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Making Learning Fun, instead of 'Play and No Homework'

Making Learning Fun should be every parents' goal during the preschool years. A little effort made during this critical time can make a big difference in the child's readiness for primary school.

What did you think of Singapore's prime minister, Lee Hsien Loong's recent suggestion that children in kindergarten and preschool should just play and not do any homework? I was astounded and dismayed by what he implied. A little hard work at such a critical time (the brain does a lot of pruning during this period, use it or lose it!) was somehow detrimental to our kids. This is reality, people - The hardworking bird gets the most worms.

The better suggestion might have been to make learning way more fun. You may not believe it but most kids don't know any better and homework isn't a dirty word to them yet at such a young age. They even find it challenging when approached correctly. Maybe his words were meant for public consumption but I doubt this was even the way he was raised and he is our country's prime minister!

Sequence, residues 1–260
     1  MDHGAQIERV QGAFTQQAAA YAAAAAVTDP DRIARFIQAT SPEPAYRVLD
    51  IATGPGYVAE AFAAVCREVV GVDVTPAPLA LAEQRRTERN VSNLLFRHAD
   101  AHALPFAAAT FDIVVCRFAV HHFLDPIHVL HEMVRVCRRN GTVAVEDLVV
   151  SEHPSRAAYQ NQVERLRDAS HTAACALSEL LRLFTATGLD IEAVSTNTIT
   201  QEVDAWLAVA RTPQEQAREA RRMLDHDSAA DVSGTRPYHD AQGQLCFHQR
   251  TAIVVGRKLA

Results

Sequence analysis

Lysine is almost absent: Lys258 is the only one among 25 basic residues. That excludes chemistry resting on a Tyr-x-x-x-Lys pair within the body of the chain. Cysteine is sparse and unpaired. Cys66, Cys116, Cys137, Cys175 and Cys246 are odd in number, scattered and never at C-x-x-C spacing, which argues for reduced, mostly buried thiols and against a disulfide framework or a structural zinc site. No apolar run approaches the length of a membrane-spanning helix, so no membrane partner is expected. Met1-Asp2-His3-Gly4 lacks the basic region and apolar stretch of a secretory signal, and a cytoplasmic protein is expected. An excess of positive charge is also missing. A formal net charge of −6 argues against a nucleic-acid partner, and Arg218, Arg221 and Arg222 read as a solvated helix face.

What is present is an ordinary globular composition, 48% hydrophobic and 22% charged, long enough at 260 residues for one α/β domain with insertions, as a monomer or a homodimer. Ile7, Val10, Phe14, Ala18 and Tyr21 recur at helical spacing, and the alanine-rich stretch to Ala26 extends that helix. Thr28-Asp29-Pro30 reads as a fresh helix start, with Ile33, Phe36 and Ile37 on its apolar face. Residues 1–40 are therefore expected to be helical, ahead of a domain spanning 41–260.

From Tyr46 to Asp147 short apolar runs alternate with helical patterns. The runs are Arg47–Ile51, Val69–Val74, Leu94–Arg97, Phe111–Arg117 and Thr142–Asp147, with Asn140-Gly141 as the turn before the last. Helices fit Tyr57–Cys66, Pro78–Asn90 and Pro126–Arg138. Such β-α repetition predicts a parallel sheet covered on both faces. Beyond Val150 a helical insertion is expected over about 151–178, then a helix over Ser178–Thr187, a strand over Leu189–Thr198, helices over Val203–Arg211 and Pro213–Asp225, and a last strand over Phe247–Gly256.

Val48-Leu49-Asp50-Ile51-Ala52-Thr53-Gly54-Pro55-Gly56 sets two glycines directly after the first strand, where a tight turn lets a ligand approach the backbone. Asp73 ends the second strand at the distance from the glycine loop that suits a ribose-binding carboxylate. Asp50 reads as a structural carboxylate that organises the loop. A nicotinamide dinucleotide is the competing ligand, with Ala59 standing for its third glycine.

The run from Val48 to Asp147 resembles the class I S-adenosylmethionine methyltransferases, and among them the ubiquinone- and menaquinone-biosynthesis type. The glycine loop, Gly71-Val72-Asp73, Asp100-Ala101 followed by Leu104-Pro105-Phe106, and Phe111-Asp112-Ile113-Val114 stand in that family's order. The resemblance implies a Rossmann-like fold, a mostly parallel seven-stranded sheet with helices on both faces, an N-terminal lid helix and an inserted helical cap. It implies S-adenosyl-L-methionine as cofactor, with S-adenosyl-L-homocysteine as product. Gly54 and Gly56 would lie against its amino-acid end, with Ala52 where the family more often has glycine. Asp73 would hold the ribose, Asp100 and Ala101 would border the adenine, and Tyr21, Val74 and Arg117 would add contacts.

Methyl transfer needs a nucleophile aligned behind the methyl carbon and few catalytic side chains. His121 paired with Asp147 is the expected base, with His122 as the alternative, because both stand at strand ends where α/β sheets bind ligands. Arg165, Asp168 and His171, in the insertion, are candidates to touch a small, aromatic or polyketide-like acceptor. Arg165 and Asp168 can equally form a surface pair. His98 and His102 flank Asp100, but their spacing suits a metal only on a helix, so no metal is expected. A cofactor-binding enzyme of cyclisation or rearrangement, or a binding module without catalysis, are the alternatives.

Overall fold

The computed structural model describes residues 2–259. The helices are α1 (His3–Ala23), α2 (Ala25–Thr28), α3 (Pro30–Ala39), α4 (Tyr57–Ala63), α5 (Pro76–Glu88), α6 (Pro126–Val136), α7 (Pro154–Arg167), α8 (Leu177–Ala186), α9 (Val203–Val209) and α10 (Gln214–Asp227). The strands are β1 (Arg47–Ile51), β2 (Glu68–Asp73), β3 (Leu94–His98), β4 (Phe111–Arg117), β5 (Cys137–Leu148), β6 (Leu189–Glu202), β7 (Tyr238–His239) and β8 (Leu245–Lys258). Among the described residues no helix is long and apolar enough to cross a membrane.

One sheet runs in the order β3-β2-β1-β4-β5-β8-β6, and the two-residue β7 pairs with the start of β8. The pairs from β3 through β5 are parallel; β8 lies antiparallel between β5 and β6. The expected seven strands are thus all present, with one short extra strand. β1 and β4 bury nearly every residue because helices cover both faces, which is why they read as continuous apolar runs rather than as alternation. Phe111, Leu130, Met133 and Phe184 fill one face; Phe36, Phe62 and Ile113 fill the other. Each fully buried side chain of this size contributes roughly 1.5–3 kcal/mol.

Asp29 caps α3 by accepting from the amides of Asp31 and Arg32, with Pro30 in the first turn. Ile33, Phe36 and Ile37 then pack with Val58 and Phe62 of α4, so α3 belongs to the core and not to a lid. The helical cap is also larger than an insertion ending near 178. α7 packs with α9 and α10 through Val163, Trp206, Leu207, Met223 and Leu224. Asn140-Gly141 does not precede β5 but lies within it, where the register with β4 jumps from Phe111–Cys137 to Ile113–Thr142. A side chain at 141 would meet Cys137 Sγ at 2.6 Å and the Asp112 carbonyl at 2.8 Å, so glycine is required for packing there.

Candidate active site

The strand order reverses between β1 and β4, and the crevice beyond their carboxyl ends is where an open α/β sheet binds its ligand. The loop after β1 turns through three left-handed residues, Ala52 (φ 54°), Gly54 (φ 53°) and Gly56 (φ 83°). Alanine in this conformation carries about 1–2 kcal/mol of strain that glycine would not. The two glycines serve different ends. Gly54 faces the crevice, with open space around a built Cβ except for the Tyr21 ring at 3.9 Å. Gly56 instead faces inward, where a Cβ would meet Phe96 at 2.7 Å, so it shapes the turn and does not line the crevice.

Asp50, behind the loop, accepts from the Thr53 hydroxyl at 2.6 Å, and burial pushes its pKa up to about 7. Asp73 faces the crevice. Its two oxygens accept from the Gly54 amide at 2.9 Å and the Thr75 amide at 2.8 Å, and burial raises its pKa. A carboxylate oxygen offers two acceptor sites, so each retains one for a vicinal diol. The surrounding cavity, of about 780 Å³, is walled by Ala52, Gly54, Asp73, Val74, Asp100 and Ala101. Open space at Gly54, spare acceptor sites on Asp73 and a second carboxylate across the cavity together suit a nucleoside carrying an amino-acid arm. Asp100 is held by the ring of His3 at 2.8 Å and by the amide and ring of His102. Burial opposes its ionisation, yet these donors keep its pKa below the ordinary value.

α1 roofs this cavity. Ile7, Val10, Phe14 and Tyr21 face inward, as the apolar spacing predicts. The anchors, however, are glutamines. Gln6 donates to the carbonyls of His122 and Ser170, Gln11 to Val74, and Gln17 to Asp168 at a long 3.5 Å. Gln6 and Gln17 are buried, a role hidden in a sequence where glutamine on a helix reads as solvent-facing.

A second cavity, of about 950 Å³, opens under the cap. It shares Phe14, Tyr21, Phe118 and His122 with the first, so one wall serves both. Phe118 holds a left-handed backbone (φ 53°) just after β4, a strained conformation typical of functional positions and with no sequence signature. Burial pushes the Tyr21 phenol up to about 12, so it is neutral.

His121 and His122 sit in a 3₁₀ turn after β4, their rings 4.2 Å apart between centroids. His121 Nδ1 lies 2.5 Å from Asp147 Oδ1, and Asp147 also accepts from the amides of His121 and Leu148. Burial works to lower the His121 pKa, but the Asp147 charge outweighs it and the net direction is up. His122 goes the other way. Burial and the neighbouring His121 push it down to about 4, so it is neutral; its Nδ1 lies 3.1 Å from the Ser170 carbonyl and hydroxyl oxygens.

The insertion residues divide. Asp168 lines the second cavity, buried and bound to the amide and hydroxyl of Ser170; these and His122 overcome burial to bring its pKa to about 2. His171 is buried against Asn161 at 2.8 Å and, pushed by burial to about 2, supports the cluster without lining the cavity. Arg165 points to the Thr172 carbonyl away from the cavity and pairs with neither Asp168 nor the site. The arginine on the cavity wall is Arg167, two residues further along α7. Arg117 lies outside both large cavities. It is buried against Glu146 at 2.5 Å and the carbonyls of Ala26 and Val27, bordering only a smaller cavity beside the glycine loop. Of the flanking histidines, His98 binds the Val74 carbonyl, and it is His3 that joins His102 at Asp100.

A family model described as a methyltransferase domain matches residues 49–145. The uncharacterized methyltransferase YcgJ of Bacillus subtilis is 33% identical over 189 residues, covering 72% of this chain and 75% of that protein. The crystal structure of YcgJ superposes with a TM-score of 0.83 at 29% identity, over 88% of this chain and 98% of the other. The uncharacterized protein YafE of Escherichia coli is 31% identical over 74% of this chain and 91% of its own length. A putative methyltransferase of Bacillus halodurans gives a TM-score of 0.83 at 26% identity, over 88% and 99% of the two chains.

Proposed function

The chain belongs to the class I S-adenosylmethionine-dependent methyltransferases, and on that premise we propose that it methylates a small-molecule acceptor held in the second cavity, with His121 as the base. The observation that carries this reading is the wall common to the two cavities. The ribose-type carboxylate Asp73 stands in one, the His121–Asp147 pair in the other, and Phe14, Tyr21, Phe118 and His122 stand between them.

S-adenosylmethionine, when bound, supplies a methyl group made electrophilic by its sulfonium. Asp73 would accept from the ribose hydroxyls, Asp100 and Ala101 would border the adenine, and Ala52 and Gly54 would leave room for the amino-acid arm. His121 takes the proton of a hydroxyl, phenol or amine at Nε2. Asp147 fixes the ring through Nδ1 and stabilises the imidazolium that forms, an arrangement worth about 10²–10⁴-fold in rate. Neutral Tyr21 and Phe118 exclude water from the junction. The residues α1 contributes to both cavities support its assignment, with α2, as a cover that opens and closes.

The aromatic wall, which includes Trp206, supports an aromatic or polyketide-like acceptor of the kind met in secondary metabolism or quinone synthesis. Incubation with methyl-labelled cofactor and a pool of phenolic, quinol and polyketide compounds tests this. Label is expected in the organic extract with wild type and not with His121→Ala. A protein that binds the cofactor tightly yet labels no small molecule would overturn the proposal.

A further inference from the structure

You will notice something about most successful people, watch any Ted.com talk, from Al Gore to Bill Gates, from Richard Feynman to Bill Clinton, they have one over-riding similarity - they are endlessly curious, they are hungry to explore and learn more about the world and they want to make a positive change in the world in their own way.

The diverse topics in Ted talks range from how to tie shoe laces (yes, there is a Ted talk on that) to climate change, from investigating the smallest genes in the human body and how they work to exploring the smallest atoms in the universe, from finding a cure for cancer to finding a solution to wars.

Watch this Ted.com video by Sir Ken Robinson: Bring on the learning revolution!

Making Learning Fun is easier than you think

How can any child taught the joy of learning and improving their mind be afraid of finding out more about everything around them? Children are insatiably curious about everything. When I am with my kids on outings, I find myself stopping for all sorts of things (most mothers of preschoolers know what that's like) that we adults have just taken for granted - the trails of ants, the horns on snails, the pollen on the stamen of flowers. There is wonder in everything. That's part of acquiring science skills.